“Are you pretty bummed that we only have to set up one kitchen this year?” I asked Bull as we headed over there. He actually started off with the party line that there were substantial other responsibilities that were still pending, and that we had our hands full, blah, blah, blah.” He kept a straight face the entire time.

I gave him the look and he couldn’t pull it off, breaking off into a wicked chortle. “Half the work, Bro, half the work. Another tragedy.”
Last year's Ambassador Lounge

“So here’s what we got going on-I need to have these four table tops replaced with that plywood that’s on top of my truck.” I surveyed the scene. Each was four feet by three feet, and the tops had been destroyed through water damage, the composition material simply peeling and shriveling up, making the tables unusable.

I got the specifics and then we returned to the far corner of the kitchen, where he pointed out an oven, sitting on the concrete, that he wanted a cabinet built for. Again, he laid the numbers on me, and showed me a small pile of freshly purchased, green fir, which included both 2 x 6’s, and 2 x 4’s.

“Any questions?” 

“What time’s lunch?” I’m kidding, of course, because Gluten-Free Mama had hooked me up with a lunch that couldn’t be beat. I am not one to take matters of the stomach lightly, always ensuring that I can’t be caught without sustenance readily available. I rarely pig out; it’s more of a graze. A half-sandwich here, a banana there, and-gasp-some gross-for-you, but nonetheless tasty potato chips. 

Fresh tomatoes for my sandwich and water, always lots of water. There was lunch offered at one point, somewhere around 2:30, but that’s my point. 2:30? For those who ate breakfast at nine or ten, maybe. I am not one to wait around for an arbitrary lunch-time, not if I can avoid it by simply planning accordingly.

Table tops cut and installed, without complications, I moved on to the cabinet for the stove. Bull had told me, “It wants to be six inches off the ground, and it needs a counter-top, I don’t know how high-I’ll have to check with the ladies.”

I looked at him and said, “If it’s a counter-top, then it wants to be 36 inches-that’s pretty standard.”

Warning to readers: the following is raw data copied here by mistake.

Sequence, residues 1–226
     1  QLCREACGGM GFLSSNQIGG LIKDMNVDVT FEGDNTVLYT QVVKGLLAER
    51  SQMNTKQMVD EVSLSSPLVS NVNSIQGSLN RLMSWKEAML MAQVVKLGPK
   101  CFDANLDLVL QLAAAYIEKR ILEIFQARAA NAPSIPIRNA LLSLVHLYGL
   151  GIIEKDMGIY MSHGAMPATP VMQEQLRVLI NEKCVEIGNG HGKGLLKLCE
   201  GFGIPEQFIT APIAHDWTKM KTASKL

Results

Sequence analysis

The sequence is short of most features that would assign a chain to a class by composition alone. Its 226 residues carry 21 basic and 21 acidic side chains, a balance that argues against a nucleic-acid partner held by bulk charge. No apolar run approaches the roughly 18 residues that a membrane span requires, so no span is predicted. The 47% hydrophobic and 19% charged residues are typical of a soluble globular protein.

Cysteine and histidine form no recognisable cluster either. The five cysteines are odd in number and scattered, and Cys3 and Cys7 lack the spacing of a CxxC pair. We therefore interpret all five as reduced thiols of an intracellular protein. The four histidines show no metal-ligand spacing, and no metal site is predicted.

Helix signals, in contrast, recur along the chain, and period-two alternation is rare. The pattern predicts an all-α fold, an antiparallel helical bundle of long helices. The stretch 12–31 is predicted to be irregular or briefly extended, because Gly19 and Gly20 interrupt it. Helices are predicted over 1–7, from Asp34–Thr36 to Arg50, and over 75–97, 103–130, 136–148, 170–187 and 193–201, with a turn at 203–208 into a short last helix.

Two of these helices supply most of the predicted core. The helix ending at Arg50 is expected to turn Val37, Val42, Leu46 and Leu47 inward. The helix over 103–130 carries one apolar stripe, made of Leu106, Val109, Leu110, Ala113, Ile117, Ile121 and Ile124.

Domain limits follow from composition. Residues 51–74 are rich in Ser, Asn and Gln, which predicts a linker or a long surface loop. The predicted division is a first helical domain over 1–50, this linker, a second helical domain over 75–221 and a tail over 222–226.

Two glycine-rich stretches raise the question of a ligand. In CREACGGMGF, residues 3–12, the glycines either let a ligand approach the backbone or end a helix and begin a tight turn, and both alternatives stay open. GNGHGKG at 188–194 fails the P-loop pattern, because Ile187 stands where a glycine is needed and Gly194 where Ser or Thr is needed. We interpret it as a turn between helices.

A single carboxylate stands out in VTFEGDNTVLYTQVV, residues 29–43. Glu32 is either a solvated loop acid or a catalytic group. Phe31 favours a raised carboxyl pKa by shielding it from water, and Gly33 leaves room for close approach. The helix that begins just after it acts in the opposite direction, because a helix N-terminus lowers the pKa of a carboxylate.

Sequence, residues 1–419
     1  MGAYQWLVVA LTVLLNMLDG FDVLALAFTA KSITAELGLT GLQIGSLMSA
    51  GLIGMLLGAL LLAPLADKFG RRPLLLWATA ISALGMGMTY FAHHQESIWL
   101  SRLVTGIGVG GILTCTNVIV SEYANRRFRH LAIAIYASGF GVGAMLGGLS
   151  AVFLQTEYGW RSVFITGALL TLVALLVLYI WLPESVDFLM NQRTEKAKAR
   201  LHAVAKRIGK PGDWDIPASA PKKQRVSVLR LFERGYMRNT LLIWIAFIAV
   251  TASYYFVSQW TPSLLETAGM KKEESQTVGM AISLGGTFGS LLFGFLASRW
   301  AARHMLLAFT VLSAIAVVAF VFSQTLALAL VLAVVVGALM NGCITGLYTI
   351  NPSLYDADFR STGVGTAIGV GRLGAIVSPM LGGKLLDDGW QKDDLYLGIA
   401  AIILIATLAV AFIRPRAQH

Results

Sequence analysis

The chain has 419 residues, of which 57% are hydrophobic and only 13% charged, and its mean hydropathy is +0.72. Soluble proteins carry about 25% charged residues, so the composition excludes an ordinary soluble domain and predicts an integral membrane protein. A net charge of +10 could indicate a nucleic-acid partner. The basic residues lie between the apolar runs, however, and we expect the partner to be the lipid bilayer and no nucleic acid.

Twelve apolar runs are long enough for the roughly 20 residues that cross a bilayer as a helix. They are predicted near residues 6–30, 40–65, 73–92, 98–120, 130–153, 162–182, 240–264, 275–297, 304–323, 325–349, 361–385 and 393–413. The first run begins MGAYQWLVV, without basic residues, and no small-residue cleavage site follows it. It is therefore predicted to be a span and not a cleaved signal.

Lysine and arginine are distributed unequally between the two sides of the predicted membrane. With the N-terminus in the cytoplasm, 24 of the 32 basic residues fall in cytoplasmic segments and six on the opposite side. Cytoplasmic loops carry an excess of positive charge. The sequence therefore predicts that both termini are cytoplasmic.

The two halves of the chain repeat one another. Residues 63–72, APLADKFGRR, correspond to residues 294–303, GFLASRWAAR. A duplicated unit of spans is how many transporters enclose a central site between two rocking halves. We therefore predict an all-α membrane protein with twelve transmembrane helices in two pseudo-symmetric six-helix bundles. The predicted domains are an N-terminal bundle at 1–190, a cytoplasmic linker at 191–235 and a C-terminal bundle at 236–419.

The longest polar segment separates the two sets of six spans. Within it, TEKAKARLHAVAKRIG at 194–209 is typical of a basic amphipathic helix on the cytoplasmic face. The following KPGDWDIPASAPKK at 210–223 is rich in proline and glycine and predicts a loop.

Clapping his hands, he responded, “Say no more. I’ll leave you to your work,” and that was the last I saw of him. I absolutely love it when I am given a task(s), and left the heck alone. All three of my jobs on Friday, the steps/railing, the table tops and the cabinet were in the shade. That takes careful planning.

Now I took precise measurements of the oven, took them again, fired up some Chem Valley/Ogre Berry and sat there for a full ten minutes, while I drew up the blueprint in my head. So elementary. Four upright posts, 35 and 3/4 inches long, four at 28 inches for the depth, and a total of six cross pieces, four at 27 inches, and two at thirty, and I was set to go.
Fresh off the assembly line from G.E.

I stepped behind the bamboo of the kitchen wall, off the concrete slab, and made every single cut before I started assembly. I was working in the dirt, in the shade of the huge oak trees, for the cuts, but moved back on the slab to assemble my tinker toys.

The entire job, from start to finish, including going back over to the Ambassador Lounge, in order to cut a piece of 3/4 inch plywood, 30 inches by 30 inches, for the counter top, took two hours.

It’s not Ikea, but the oven is no longer sitting on the slab, with an unusable surface. 

Like I said, meatball carpentry, with bucket seats and four-on-the-floor.


Tomorrow: My Wheels